A recession can also hurt the company twice over: Demand for commercial real estate can cool, and equity issuances after a presumed drop in the stock’s price would come at a higher cost.

Realty Income is heavily tied to retail, and retail has headwinds coming from e-commerce and theft.

The company’s scale is an advantage, but it also introduces questions around growth and the law of large numbers.

I see considerable risk to think over, but the quality and track record of Realty Income should also be thought over.

And the valuation, which currently looks attractive, has to be top of mind…


The stock has a P/FFO ratio of 13.2.

That’s somewhat analogous to a P/E ratio on a normal stock, and it clearly indicates how undemanding the valuation is in absolute terms.

But it looks cheap in relative terms, too.

The cash flow multiple of 13 is well off of its own five-year average of 17.7.

And the yield, as noted earlier, is significantly higher than its own recent historical average.

So the stock looks cheap when looking at basic valuation metrics. But how cheap might it be? What would a rational estimate of intrinsic value look like?

I valued shares using a dividend discount model analysis.

I factored in a 10% discount rate and a long-term dividend growth rate of 4%.

If you’ve been following along, an expectation of low-single-digit dividend growth from here is an obvious one.

This is pretty close to the 10-year dividend growth rate, and it’s also close to Realty Income’s demonstrated FFO/share growth over the last decade.

The company is guiding for ~4% FFO/share growth this year, and the dividend should grow at a similar rate to that.

This is basically where everything is pointing to.

It’s roughly where Realty Income is at right now.

This kind of growth should stay slightly ahead of inflation and inch one’s purchasing power forward, and that’s probably good enough for most income-oriented investors out there.

The DDM analysis gives me a fair value of $53.39.

The reason I use a dividend discount model analysis is because a business is ultimately equal to the sum of all the future cash flow it can provide.

The DDM analysis is a tailored version of the discounted cash flow model analysis, as it simply substitutes dividends and dividend growth for cash flow and growth.

It then discounts those future dividends back to the present day, to account for the time value of money since a dollar tomorrow is not worth the same amount as a dollar today.

I find it to be a fairly accurate way to value dividend growth stocks.

My valuation shows a stock that’s, at worse, fairly valued.

But we’ll now compare that valuation with where two professional stock analysis firms have come out at.

This adds balance, depth, and perspective to our conclusion.

Morningstar, a leading and well-respected stock analysis firm, rates stocks on a 5-star system.

1 star would mean a stock is substantially overvalued; 5 stars would mean a stock is substantially undervalued. 3 stars would indicate roughly fair value.

Morningstar rates O as a 5-star stock, with a fair value estimate of $76.00.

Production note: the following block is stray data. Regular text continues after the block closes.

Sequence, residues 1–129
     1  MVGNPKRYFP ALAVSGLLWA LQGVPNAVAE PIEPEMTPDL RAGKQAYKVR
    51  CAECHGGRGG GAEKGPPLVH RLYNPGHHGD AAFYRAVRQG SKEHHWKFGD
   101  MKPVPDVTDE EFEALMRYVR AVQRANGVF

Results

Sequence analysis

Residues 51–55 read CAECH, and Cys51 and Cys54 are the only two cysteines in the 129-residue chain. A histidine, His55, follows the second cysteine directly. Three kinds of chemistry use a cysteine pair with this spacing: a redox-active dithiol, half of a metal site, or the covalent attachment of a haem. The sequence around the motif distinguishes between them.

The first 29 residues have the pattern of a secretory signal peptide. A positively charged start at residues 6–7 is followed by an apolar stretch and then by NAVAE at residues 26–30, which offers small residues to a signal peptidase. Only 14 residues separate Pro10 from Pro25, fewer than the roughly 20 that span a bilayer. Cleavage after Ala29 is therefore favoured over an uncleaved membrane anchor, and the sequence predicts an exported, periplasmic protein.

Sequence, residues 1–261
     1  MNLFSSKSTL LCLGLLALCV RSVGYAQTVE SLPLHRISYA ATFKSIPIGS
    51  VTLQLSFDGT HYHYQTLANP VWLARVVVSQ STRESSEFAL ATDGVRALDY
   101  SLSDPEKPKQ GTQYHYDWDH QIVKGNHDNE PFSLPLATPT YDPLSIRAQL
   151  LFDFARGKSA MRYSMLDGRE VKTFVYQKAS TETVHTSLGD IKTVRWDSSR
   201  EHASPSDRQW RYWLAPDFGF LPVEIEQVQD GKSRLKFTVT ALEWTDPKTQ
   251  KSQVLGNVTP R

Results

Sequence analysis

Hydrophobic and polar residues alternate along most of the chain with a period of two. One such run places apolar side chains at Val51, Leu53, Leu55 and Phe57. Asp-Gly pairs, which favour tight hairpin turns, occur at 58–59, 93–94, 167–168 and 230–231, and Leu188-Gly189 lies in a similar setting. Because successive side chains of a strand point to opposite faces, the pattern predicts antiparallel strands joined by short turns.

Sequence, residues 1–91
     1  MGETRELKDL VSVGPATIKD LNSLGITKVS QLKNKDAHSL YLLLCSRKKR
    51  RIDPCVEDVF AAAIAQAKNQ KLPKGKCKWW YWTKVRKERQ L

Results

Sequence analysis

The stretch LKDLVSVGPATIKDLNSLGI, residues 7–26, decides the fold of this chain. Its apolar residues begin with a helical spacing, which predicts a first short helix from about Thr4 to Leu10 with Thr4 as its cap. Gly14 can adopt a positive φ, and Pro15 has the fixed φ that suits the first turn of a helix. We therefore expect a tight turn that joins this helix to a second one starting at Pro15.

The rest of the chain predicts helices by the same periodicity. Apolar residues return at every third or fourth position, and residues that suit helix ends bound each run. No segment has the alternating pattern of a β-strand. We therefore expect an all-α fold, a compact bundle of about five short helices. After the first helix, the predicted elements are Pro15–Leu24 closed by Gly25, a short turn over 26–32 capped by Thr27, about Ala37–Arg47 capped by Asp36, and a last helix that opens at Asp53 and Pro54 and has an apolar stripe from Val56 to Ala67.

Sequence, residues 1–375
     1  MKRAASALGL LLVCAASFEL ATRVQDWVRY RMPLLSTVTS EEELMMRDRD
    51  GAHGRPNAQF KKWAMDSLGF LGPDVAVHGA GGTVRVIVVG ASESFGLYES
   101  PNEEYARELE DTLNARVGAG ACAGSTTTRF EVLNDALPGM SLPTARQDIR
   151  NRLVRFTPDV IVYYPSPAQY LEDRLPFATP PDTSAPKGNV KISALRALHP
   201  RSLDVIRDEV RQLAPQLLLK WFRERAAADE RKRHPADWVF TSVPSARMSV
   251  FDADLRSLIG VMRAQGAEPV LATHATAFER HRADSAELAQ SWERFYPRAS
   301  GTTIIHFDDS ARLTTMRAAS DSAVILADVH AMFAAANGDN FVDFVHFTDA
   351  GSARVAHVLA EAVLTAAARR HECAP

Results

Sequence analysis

CFRA is another professional analysis firm, and I like to compare my valuation opinion to theirs to see if I’m out of line.

They similarly rate stocks on a 1-5 star scale, with 1 star meaning a stock is a strong sell and 5 stars meaning a stock is a strong buy. 3 stars is a hold.

CFRA rates O as a 3-star “HOLD”, with a 12-month target price of $56.00.

I came out low, although Morningstar, which seemingly tends to show bias toward optical cheapness and high yield in its analyses, looks awfully high on this one. Averaging the three numbers out gives us a final valuation of $61.80, which would indicate the stock is possibly 13% undervalued.

Bottom line: Realty Income Corp. (O) is a high-quality REIT that has shown resilient staying power for decades, and its diversified roster of top-tier tenants should ensure a continuation of this. The REIT has an uncommon level of consistency and commitment when it comes to its large dividend – a dividend which is paid monthly. I really can’t think of a company that has a more sacrosanct dividend than this one. With a market-smashing yield, low-single-digit dividend growth, a reasonable payout ratio, more than 30 consecutive years of dividend increases, and the potential that shares are 13% undervalued, this Dividend Aristocrat could be a top long-term investment idea for income-oriented dividend growth investors.

-Jason Fieber

P.S. If you’d like access to my entire six-figure dividend growth stock portfolio, as well as stock trades I make with my own money, I’ve made all of that available exclusively through Patreon.

Note from D&I: How safe is O’s dividend? We ran the stock through Simply Safe Dividends, and as we go to press, its Dividend Safety Score is 80. Dividend Safety Scores range from 0 to 100. A score of 50 is average, 75 or higher is excellent, and 25 or lower is weak. With this in mind, O’s dividend appears Safe with an unlikely risk of being cut. Learn more about Dividend Safety Scores here.

Disclosure: I’m long O.

Source: Dividends & Income